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Kimberly Nicholas

Kimberly Nicholas

Senior Lecturer, Docent

Kimberly Nicholas

Governance and stakeholder perspectives of managed re-alignment: adapting to sea level rise in the Inner Forth estuary, Scotland


  • Anja Helena Liski
  • Pontus Ambros
  • Marc j. Metzger
  • Kimberly Nicholas
  • A. Meriwether W. Wilson
  • Torsten Krause

Summary, in English

With climate change, coastal areas are faced with unprecedented sea level rise and flooding, raising questions as to how societies will choose to adapt. One option is to strengthen existing sea walls to maintain current land uses; however, scientists, policy-makers and conservationists increasingly see the benefits of managed realignment, which is a nature-based coastal adaptation that involves the conversion of reclaimed farmland back to wetlands, allowing periodic local flooding in designated areas to reduce the risk of flooding downstream. We interviewed 16 local organisations, landowners and farmers and held workshops with 109 citizens living the Inner Forth estuary in eastern Scotland, to examine how managed realignment is supported by stakeholder attitudes and their engagement. Most of the farmers we interviewed prefer strengthened sea walls, to maintain their livelihoods and agricultural heritage. Citizens and local organisations were mainly supportive of managed realignment, because it provided wildlife and flood regulation benefits. However, we identified several barriers that could present obstacles to implementing managed realignment, for example, uncertainty whether it would support their principles of economic and rational decision-making. Our findings suggest that the local capacity to cope with rising sea levels is limited by lack of engagement with all relevant stakeholder groups, the limited scope of existing stakeholder partnerships and poor short-term funding prospects of landscape partnerships that would facilitate collaboration and discussion. We suggest that including citizens, landowners, farmers and industries would strengthen existing stakeholder deliberation and collaboration, and support the Inner Forth’s transition towards a more sustainable future shoreline.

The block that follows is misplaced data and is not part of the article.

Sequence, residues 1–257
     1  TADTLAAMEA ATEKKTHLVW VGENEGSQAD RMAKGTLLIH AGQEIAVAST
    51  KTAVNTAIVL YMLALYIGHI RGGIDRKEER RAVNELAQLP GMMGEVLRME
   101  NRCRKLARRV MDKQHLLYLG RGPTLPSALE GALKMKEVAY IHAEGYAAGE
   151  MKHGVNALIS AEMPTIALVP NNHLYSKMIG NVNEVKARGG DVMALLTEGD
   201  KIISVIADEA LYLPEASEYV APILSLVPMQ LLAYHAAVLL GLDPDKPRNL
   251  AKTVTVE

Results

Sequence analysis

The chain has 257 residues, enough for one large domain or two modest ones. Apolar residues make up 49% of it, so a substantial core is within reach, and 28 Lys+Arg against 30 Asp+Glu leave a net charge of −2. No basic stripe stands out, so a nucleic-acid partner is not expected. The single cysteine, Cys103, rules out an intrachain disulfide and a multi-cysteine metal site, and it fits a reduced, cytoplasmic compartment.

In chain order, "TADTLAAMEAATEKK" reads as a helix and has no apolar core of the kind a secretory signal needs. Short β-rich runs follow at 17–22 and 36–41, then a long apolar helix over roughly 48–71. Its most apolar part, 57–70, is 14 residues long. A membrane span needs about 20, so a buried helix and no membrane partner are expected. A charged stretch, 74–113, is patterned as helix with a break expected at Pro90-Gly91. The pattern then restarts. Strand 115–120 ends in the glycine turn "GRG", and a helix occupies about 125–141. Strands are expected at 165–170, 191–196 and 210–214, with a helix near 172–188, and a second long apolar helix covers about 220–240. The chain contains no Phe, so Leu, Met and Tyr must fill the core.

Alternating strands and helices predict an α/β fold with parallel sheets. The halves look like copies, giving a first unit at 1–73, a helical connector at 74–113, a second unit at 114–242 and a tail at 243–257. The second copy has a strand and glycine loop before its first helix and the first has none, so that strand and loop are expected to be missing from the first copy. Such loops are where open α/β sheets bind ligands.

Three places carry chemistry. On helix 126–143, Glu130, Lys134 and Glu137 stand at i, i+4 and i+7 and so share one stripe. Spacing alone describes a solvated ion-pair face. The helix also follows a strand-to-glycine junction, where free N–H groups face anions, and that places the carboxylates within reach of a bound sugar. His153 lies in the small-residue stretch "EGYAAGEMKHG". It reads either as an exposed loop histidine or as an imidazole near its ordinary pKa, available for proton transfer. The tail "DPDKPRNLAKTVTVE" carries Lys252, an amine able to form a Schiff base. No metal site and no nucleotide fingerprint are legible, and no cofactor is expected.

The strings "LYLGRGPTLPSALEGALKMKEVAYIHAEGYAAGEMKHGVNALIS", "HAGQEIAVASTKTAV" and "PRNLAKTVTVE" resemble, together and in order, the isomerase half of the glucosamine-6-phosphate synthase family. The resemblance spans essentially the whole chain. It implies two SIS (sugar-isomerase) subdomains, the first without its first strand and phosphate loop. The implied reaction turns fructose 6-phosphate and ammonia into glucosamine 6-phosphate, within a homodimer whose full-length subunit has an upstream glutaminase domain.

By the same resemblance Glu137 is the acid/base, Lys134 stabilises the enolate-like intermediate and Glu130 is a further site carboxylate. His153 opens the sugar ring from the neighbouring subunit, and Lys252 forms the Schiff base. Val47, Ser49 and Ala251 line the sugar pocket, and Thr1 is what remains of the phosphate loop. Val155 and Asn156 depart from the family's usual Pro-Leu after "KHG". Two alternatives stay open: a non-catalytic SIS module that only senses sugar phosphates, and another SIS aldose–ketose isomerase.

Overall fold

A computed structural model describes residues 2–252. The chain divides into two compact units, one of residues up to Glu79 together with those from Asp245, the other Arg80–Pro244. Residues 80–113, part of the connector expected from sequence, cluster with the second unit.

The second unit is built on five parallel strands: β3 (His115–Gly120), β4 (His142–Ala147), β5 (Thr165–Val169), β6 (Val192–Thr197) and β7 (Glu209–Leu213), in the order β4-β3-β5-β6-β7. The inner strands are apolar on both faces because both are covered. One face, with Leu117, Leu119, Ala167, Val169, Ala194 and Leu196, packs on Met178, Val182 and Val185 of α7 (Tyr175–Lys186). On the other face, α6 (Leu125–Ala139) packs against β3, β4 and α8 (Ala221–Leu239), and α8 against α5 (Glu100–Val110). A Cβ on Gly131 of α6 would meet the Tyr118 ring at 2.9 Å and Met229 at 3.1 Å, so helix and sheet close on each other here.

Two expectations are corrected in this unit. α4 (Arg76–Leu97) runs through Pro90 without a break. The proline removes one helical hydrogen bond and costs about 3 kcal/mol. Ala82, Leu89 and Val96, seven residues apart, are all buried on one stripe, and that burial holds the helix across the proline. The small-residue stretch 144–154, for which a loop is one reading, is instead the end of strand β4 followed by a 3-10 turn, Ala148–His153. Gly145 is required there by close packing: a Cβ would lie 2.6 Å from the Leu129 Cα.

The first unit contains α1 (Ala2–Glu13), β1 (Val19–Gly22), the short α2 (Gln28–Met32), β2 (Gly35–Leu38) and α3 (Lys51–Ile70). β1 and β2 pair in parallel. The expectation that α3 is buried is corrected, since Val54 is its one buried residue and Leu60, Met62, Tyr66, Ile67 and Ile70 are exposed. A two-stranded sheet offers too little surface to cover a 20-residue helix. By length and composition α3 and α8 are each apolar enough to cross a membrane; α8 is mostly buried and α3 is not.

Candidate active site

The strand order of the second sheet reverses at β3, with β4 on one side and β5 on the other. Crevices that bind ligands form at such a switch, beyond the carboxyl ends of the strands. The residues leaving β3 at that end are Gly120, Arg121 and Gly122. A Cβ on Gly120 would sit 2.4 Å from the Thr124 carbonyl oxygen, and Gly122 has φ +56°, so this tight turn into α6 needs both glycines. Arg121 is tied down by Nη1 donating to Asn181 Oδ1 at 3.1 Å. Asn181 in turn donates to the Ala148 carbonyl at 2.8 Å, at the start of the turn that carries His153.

• LUCSUS (Lund University Centre for Sustainability Studies)
  • BECC: Biodiversity and Ecosystem services in a Changing Climate

Publishing year







Regional Environmental Change





Document type

Journal article




  • Earth and Related Environmental Sciences




  • ISSN: 1436-378X